Standard Oil formed the South Improvement Company in the fall of 1871, supposedly to negotiate “secret” discounts on published railroad tariffs and place independent refiners at a transportation cost disadvantage. We argue that discriminatory railway rates were common both before and after Standard Oil’s founding in 1870, played little or no part in its rise to prominence and were not necessarily even illegal. Rebates and drawbacks were in fact ways of sharing the efficiency gains that flowed from the dependable high-volume rail traffic Rockefeller was able to guarantee as well as from other investments that he undertook that lowered the railroads’ costs.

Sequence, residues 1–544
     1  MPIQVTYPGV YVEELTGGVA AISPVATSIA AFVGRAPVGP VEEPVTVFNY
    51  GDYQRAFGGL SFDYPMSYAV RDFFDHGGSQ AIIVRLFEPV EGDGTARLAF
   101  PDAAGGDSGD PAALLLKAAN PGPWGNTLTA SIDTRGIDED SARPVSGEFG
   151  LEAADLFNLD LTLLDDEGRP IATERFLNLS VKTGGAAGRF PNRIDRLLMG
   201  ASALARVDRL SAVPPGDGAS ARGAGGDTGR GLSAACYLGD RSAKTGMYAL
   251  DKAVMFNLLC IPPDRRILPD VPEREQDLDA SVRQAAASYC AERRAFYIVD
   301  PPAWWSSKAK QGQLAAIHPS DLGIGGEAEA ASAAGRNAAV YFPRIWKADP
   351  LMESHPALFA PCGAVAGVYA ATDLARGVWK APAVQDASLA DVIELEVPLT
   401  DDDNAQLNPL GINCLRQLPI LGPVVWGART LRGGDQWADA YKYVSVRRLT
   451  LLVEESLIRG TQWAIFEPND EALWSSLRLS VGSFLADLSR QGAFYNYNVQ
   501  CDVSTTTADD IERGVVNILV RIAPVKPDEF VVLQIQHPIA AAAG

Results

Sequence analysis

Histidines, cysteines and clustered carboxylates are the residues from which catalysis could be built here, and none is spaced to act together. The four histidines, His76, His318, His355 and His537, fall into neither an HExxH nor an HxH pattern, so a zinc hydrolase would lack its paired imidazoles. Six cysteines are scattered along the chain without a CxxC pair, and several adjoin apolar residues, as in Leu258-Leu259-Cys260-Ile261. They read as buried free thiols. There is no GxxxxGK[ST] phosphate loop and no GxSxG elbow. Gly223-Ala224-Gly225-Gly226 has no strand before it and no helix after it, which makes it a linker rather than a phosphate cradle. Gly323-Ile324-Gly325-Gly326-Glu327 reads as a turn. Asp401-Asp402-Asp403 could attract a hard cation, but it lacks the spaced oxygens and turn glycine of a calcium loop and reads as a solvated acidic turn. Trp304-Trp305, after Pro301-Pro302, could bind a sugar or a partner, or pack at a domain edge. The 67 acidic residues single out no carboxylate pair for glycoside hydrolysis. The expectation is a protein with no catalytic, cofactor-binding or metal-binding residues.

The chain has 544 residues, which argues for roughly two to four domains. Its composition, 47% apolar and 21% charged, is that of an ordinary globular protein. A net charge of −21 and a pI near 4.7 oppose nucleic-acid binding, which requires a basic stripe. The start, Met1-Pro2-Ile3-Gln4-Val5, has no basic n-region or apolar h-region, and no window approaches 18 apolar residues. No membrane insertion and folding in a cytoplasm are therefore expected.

Review of Industrial Organization – Springer Journals
Published: Feb 15, 2011
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